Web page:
a dangerous quiet
I knew I was done with the City when one day in Herald Square, I felt mentally unable to escape the cacophany around me. I thought I was going mad. I moved out of NYC two months later, dragging Tom with me. I have a hard time being still, but I need quiet. It calms my mind and restores me. My main complaint about TV is that I can’t escape the sound of the white noise that accompanies it, no matter where I go in the house. The jarring crunch of the recycling truck makes me wince; the cloudy crackle of AM radio is anathema.
But now that I have two boys, silence has lost its appeal. Instead, it’s become something to be feared. I can block out my boys’ nonstop chatter and the booms and crashes that accompany their playing. It’s when things go quiet that I panic. A few days ago I was doing a puzzle with Finn and could hear Tate talking to himself in the other room. After about ten minutes, my head shot up as I realized I could no longer hear Tate. I lunged for the playroom, but it was too late. There he stood, bracing his forearms against the microwave in his play kitchen, deeply engrossed in the act of dumping a load into his shorts. When he spotted me, he paused in his bearing down to say, “I need to go poop, Mommy.” Nine times out of ten I keep my cool, but that tenth time I can’t help biting off a sarcastic reply. “No Tate, you needed to go poop ten minutes ago. Right now, you are crapping your pants.”
Quiet doesn’t always mean that Tate is emptying his bowels. Sometimes it just means he’s biting the tops off of all his crayons or eating them whole like french fries. Or emptying 5 gallons of drinking water out of the water machine, in a slow trickle, onto the kitchen floor. Or drawing, which in its current iteration involves repeatedly stabbing a piece of paper with a permanent marker, on top of the living room rug. Silence can also mean that Tate is focused on balancing on top of a tall stool, or eating my contact lenses and washing them down with the saline in which they are stored. The choices are endless, and none of them involve playing with parent-approved toys in the prescribed manner.
But that’s one-kid silence. Let me submit that there are few things scarier than two-kid silence. Two weeks ago I heard Tom getting animated upstairs, and went to investigate. There he stood in his office, looking down at my two boys, who were standing side by side in solidarity and looking up at Tom with their best approximation of a guilt-free expression.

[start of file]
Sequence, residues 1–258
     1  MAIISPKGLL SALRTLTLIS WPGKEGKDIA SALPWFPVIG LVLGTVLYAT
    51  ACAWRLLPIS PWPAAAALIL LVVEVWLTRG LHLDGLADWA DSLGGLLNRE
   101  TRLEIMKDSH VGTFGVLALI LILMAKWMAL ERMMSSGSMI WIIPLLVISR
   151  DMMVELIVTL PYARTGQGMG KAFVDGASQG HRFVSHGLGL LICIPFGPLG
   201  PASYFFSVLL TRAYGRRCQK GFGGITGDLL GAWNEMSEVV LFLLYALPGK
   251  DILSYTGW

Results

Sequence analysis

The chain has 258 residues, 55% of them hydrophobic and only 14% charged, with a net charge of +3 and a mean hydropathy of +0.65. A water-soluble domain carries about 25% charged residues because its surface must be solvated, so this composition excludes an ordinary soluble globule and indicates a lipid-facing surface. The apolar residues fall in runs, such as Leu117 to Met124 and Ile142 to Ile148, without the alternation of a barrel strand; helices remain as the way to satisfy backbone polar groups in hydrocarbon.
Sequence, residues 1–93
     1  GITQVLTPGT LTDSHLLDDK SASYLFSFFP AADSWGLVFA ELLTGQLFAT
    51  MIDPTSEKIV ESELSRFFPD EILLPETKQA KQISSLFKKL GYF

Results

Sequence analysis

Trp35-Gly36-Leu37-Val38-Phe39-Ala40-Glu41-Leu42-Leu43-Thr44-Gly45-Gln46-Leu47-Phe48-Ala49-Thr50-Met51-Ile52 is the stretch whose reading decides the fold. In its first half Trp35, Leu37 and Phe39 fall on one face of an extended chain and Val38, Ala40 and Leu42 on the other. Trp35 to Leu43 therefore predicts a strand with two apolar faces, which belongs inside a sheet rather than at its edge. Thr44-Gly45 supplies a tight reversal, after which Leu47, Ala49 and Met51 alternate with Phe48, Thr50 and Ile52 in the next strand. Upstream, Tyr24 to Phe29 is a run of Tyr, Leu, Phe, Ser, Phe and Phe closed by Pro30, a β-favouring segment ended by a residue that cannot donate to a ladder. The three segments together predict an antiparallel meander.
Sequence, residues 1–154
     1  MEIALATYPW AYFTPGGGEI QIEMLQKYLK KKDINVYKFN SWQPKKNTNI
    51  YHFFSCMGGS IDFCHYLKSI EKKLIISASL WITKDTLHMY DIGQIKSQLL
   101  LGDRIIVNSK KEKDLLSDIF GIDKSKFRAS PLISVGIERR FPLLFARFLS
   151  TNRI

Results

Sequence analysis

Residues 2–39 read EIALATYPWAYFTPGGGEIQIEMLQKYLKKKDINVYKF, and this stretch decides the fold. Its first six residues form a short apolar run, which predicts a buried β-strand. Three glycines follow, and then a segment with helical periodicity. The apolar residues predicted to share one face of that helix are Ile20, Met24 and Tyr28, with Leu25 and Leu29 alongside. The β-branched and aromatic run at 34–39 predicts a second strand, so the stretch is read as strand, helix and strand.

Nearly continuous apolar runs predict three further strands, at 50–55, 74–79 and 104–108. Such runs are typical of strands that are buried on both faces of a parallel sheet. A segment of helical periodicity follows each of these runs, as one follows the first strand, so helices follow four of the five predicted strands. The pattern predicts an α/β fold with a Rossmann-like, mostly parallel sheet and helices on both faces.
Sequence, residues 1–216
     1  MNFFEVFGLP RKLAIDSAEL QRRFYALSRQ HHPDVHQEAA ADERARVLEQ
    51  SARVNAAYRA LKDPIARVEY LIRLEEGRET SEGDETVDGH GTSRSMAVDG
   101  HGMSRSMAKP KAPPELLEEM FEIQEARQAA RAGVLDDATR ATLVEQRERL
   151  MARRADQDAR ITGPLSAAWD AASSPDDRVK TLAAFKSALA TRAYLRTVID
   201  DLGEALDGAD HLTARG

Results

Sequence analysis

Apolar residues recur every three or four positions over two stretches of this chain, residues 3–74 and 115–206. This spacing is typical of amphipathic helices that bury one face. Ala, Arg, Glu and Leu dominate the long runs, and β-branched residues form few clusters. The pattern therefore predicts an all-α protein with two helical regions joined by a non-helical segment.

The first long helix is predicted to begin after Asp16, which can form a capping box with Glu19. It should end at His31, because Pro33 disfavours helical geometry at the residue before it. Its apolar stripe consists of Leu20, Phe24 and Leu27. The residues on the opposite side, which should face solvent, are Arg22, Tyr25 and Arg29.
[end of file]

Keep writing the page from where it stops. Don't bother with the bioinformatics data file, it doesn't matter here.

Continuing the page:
Tom (looking around the room, panicked): “No, seriously, what were you guys doing in here?”
Finn: “Nothing, Daddy.”
Tom: “No, I know you were doing something because I heard you, but then you stopped when I came in. So what were you doing?? Tate, were you playing with Daddy’s papers? Were you??”
Tate: (shakes head.)
Tom: “Finn, were you playing with the paper shredder? Because you know you’re not supposed to go near the paper shredder.”
Finn: “I KNOW, Daddy.”
Tom (forcibly calming himself and adopting a cajoling tone): “Hey. I won’t be mad, I promise. I just want to know what you guys were doing. Tell me what you guys were doing.”
Finn (who by this point knows he’s gonna walk): “We weren’t doing anything, Daddy.” (Scowls, grabs Tate’s hand, and leaves in a huff.)
I’m pretty sure they high-fived each other back in Finn’s room while naming us suckers. And we still don’t know what they were up to, but I suspect we’ll find out the next time we go to print something. Lots of buttons on that there printer.
Yesterday morning I stepped out of the shower and heard it again, that eerie silence that portends no good. I hurriedly threw on a towel and ran downstairs, half expecting to find them rappelling down the side of the house from a window, using their blankets. Instead, I came upon this:
After I recovered from my near-coronary, I sat there in my towel, listening to them in the early morning hush, as they told me about the farm they were building. Watching them, I felt overwhelming love for my two little men–the kind of love that clogs your throat and makes your eyes well with tears. And then, I felt a renewed appreciation for every such moment with my boys, quiet or no.